Debentures — a ‘new’ meaning? Fons Hf v Corporal Ltd and another

A familiar requirement of secured credit is for the customer to provide a debenture, which is commonly understood as meaning security over the customer’s business and assets. However, a recent decision — Fons Hf v Corporal Ltd and another [2014] EWCA 304 — highlighted an older and wider meaning of debenture: any document that creates or acknowledges a debt (and not just one creating security). A somewhat unusual twist was given to this wider meaning by the Court of Appeal in the case in question.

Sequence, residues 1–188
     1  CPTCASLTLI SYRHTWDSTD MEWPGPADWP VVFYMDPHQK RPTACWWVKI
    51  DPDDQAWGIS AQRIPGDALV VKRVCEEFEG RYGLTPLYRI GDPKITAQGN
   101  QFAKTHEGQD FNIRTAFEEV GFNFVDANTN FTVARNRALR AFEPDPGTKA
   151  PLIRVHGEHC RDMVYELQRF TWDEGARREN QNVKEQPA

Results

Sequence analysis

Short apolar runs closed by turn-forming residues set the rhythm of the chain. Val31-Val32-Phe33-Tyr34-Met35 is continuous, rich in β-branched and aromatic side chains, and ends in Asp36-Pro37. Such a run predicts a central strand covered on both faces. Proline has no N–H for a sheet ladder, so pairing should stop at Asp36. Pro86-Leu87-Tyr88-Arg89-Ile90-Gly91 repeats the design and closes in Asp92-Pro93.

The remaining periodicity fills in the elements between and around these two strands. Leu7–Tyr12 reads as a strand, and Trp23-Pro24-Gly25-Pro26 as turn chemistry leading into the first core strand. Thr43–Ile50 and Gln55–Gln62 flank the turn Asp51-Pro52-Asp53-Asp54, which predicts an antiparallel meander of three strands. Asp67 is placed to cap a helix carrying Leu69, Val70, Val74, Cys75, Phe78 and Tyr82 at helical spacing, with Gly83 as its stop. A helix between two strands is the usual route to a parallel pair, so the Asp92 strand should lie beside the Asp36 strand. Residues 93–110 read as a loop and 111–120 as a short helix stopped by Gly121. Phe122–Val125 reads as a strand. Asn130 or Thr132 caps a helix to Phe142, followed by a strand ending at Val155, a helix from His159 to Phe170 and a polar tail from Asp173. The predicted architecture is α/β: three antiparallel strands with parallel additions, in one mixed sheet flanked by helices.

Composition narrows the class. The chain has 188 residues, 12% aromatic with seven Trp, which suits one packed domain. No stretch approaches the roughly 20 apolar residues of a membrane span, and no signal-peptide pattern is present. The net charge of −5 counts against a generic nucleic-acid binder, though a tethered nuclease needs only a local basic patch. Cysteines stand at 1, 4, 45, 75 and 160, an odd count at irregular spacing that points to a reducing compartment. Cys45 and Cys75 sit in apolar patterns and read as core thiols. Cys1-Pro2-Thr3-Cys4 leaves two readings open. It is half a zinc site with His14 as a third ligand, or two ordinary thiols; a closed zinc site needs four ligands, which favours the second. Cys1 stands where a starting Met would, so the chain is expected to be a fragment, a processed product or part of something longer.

A company (Topco) had granted a charge over the shares in its subsidiary (Subco) in favour of Topco’s bank. The charge defined the ‘shares’ charged as including ‘…all shares, debentures… and other securities owned by Topco in Subco… or in which it has an interest’. As a shareholder in Subco, Topco made certain loans to Subco, although the bank was not initially aware of them. When the bank came to take legal action, the repayment rights of Topco under these loans were worth more than the charged shares in Subco…

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